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Selfies and Mental Health


The practice of taking your own picture,  then posting it to the Internet is a big part of youth culture, but psychologists at the University of Mary Washington say selfies may be a sign of trouble for young women.

You Tube is loaded with videos advising young women on how to take a good selfie.

“You just have to find your good side.  Like this is my good side, but this side is a no!” says one.

Which is why psychology professor Miriam Liss chose to take a closer look.  She and her colleague Mindy Erchull studied 165 female students at their school – the University of Mary Washington.  They found some girls took as many as 30 selfies  before posting one.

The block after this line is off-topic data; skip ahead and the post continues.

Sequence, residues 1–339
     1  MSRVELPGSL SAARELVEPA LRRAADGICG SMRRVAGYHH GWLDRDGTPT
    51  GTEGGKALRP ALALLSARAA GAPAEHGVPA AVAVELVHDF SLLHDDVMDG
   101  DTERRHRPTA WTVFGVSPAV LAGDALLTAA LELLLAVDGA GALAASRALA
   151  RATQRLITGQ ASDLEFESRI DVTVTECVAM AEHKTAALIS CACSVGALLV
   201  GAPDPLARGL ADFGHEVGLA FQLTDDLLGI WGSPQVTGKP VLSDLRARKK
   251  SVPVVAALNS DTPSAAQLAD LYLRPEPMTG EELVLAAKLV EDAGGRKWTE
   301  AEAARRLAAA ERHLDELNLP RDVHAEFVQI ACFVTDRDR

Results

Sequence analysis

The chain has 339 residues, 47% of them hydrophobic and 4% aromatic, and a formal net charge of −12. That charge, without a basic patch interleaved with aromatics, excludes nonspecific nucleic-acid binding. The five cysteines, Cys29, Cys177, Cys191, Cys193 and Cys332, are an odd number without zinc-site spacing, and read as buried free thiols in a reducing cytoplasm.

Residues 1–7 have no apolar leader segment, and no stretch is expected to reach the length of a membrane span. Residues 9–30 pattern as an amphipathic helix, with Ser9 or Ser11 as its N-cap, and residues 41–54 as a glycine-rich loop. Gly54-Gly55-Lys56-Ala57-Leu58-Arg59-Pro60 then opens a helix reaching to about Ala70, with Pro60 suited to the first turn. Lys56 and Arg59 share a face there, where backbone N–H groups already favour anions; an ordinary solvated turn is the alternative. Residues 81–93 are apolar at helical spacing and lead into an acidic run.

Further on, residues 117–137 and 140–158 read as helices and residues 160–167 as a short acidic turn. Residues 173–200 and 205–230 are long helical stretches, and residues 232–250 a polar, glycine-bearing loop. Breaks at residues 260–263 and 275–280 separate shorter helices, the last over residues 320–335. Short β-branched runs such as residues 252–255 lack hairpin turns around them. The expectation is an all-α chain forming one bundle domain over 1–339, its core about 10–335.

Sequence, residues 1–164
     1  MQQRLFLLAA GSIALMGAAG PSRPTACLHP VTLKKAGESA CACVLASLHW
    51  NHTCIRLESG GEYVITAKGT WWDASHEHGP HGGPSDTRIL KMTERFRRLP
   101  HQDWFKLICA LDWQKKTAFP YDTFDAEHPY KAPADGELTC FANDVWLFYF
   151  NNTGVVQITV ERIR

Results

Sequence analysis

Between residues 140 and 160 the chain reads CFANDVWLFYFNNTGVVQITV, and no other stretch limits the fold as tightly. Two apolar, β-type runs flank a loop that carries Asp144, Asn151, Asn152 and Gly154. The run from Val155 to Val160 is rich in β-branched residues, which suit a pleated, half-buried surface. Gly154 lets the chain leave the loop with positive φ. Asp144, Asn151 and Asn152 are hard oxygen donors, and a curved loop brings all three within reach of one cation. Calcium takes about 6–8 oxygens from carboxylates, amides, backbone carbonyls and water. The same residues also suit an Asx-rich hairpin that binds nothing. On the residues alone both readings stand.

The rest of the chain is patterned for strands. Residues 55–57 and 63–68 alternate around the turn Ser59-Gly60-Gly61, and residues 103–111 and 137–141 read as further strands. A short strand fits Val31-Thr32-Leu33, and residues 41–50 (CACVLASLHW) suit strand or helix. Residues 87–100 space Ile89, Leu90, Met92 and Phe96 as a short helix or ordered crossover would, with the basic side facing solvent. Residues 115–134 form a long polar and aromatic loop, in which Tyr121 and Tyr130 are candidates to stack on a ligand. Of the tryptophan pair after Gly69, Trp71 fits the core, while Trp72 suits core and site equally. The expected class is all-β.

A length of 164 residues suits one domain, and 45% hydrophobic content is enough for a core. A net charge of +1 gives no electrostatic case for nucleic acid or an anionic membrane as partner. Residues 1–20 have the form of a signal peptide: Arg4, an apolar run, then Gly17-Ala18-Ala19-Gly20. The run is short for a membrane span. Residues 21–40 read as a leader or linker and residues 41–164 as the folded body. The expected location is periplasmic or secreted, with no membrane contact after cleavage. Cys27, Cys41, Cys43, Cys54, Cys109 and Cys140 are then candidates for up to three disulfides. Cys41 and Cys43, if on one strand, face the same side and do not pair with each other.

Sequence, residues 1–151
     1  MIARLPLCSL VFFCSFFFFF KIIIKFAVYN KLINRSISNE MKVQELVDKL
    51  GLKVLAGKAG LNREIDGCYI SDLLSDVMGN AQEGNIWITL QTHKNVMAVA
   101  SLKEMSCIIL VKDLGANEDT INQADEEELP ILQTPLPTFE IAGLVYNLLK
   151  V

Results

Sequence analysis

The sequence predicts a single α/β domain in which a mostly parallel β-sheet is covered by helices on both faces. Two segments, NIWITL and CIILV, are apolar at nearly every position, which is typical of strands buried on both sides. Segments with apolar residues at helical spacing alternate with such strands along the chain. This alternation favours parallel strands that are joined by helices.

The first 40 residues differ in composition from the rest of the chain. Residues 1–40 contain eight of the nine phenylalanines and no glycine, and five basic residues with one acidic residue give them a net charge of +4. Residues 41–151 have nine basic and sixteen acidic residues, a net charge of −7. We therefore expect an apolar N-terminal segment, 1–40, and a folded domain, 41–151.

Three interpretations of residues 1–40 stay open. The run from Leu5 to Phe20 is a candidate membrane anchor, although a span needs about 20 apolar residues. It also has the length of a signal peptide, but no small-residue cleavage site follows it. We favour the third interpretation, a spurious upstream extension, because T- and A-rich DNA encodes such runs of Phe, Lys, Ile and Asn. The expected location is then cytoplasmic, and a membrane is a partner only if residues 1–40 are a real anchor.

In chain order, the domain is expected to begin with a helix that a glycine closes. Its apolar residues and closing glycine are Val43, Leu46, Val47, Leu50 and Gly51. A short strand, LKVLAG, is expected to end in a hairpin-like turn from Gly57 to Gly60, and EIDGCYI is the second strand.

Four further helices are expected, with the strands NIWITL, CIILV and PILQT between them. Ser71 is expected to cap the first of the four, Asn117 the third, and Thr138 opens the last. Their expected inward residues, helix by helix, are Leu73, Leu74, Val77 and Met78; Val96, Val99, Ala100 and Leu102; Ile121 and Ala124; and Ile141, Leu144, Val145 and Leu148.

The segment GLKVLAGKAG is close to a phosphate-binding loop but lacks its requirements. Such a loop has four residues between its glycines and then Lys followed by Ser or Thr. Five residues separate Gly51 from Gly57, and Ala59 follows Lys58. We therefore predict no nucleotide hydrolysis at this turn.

“They're thinking ‘How does my body look?  Is my tummy looking big, are my arms flabby, does my nose look too big?’" she explains. "We’re often putting ourselves in a state of self-objectification.”

And that could lead to serious psychological problems: eating disorders, depression, anxiety, sexual dysfunction, a loss of a sense of flow, which is the ability to be in the moment and enjoy what you’re doing.

So Liss advises people not to make such a big deal about selfies.

“The trick is to increase self-acceptance, self-kindness, self-compassion, even when you’re imperfect,” she explains. “The conclusion of our paper said your first selfie is your best selfie.”

The study is published in the journal Sex Roles.  

This report, provided by Virginia Public Radio, was made possible with support from the Virginia Education Association.

Sandy Hausman is Radio IQ's Charlottesville Bureau Chief